Get Answers to Your Questions On Coffee and Vision

Published by Lance Kugler, MD on January 14, 2021

Ever wondered about coffee and vision? If you love a good cup of joe, chances are your day doesn’t truly begin until that first sip of coffee hits your lips in the morning. Whether it’s the cold blended Frappuccino life for you or a cup of hot black coffee is more to your liking, you’re not alone in your love of caffeine. In fact, over 2.25 BILLION cups of coffee are consumed daily worldwide! There’s a reason that the world’s coffee industry is worth $100 billion annually.

Many people love coffee because it makes them feel energized and alert. And coffee may truly be an eye-opener each morning — but what about the effect of caffeine on your eyes? To find out about coffee and vision– including how and why your daily coffee habit may affect your vision, read on.

Considering Coffee and Vision: So, What Is Caffeine Anyway?

woman drinking blended coffee with strawCaffeine is a chemical stimulant that is found naturally in over 60 plants. Caffeine is most notably found in tea, coffee, and cacao plants (used for making chocolate). Caffeine works by stimulating the central nervous system and your brain, giving you a jolt of energy 35-40 minutes after you ingest it, and helping prevent tiredness. 

Many people may think caffeine is the main ingredient in coffee, but that’s not true. Raw coffee beans only contain about 1% caffeine. And coffee beans carry major benefits aside from their ability to put some pep in your step. Each raw coffee bean also contains about 7-9% chlorogenic acid (CGA). CGA is what gives coffee its acidic taste and bitter smell. CGA is also a powerful antioxidant that has been associated with many health benefits, like helping people lose weight or lower blood pressure.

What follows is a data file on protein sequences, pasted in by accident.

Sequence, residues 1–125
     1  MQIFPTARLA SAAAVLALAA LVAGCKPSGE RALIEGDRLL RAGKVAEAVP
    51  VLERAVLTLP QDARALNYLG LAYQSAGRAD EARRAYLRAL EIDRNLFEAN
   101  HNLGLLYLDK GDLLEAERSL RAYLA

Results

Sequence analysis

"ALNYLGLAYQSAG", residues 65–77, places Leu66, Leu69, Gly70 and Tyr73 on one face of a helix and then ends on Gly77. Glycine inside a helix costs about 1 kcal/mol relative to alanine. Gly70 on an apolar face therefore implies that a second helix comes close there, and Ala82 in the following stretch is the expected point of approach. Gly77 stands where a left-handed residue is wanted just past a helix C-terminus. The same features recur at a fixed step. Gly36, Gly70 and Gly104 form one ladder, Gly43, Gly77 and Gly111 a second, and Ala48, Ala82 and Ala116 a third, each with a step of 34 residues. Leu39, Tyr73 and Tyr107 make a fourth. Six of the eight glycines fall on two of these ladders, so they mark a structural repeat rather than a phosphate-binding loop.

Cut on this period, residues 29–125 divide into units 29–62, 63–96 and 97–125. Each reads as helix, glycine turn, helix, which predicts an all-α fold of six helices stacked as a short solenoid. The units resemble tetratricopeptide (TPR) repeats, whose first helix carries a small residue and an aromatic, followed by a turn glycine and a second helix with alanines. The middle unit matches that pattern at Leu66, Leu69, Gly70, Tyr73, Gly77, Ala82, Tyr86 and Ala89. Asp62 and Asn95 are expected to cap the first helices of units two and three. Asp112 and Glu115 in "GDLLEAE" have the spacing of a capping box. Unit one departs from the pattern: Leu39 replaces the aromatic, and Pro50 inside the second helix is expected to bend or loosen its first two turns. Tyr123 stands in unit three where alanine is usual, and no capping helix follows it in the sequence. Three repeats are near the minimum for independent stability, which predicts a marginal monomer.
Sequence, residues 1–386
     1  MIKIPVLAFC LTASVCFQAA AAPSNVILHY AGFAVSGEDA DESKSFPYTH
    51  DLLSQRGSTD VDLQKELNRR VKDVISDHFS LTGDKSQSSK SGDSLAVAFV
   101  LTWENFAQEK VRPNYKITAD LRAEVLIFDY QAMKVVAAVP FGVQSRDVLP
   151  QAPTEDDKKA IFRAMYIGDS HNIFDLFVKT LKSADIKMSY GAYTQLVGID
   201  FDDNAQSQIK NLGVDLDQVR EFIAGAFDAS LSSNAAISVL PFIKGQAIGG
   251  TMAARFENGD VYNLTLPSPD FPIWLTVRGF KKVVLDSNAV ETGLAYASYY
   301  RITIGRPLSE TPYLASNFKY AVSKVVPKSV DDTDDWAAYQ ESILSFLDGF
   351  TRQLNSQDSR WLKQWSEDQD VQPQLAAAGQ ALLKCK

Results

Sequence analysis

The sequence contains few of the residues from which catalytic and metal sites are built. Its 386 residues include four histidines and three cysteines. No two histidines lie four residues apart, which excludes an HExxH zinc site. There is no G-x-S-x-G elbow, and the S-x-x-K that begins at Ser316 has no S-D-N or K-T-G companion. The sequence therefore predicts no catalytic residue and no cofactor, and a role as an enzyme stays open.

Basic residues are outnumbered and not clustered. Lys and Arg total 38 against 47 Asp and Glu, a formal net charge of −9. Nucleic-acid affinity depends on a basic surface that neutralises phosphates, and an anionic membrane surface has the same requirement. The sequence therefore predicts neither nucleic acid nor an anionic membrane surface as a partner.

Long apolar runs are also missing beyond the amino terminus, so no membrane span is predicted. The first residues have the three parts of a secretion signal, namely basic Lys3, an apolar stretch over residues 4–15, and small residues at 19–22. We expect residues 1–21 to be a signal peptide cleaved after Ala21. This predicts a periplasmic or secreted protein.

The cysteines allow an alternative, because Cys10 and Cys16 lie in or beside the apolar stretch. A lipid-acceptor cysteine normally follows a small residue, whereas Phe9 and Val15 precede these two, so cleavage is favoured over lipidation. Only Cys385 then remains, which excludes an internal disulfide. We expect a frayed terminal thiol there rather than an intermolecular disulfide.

What Are the Positive Effects of Coffee on Vision?

Studies have found that the CGA in coffee may also be a neuroprotectant. Researchers at Cornell University released a study in recent years that shows CGA may be able to help prevent retinal degeneration. The retina is the thin, light-sensitive layer of tissue at the back of the eye. The retina is responsible for helping your eyes receive and organize the visual information you see. However, it is also susceptible to oxygen deprivation, a condition known as hypoxia.

Hypoxia is when parts of the body become low on oxygen, and that oxygen deprivation can cause severe damage to those areas. When the retinas experience hypoxia, they can become damaged and this can lead to various eye diseases. Some of these conditions include diabetic retinopathy, macular degeneration, and glaucoma. Each of those eye conditions can result in varying degrees of vision loss.

Because CGA is beneficial for other aspects of health, scientists wondered what effect it could have on preventing hypoxia and its resulting degeneration in the eyes. They studied this in mice, and the results were published in the Journal of Agricultural and Food Chemistry. The outcome demonstrated it is possible that CGA and coffee extract could help prevent or slow retinal degeneration. 

That’s a big plus for coffee drinkers!


Does Coffee Have Any Negative Effects on Vision?

Short-Term Effects of Coffee on Vision

This is a great question. Just as with most things in life, when it comes to coffee consumption, moderation is key. Overconsumption of caffeine has been linked to some eye issues, both short term and long term.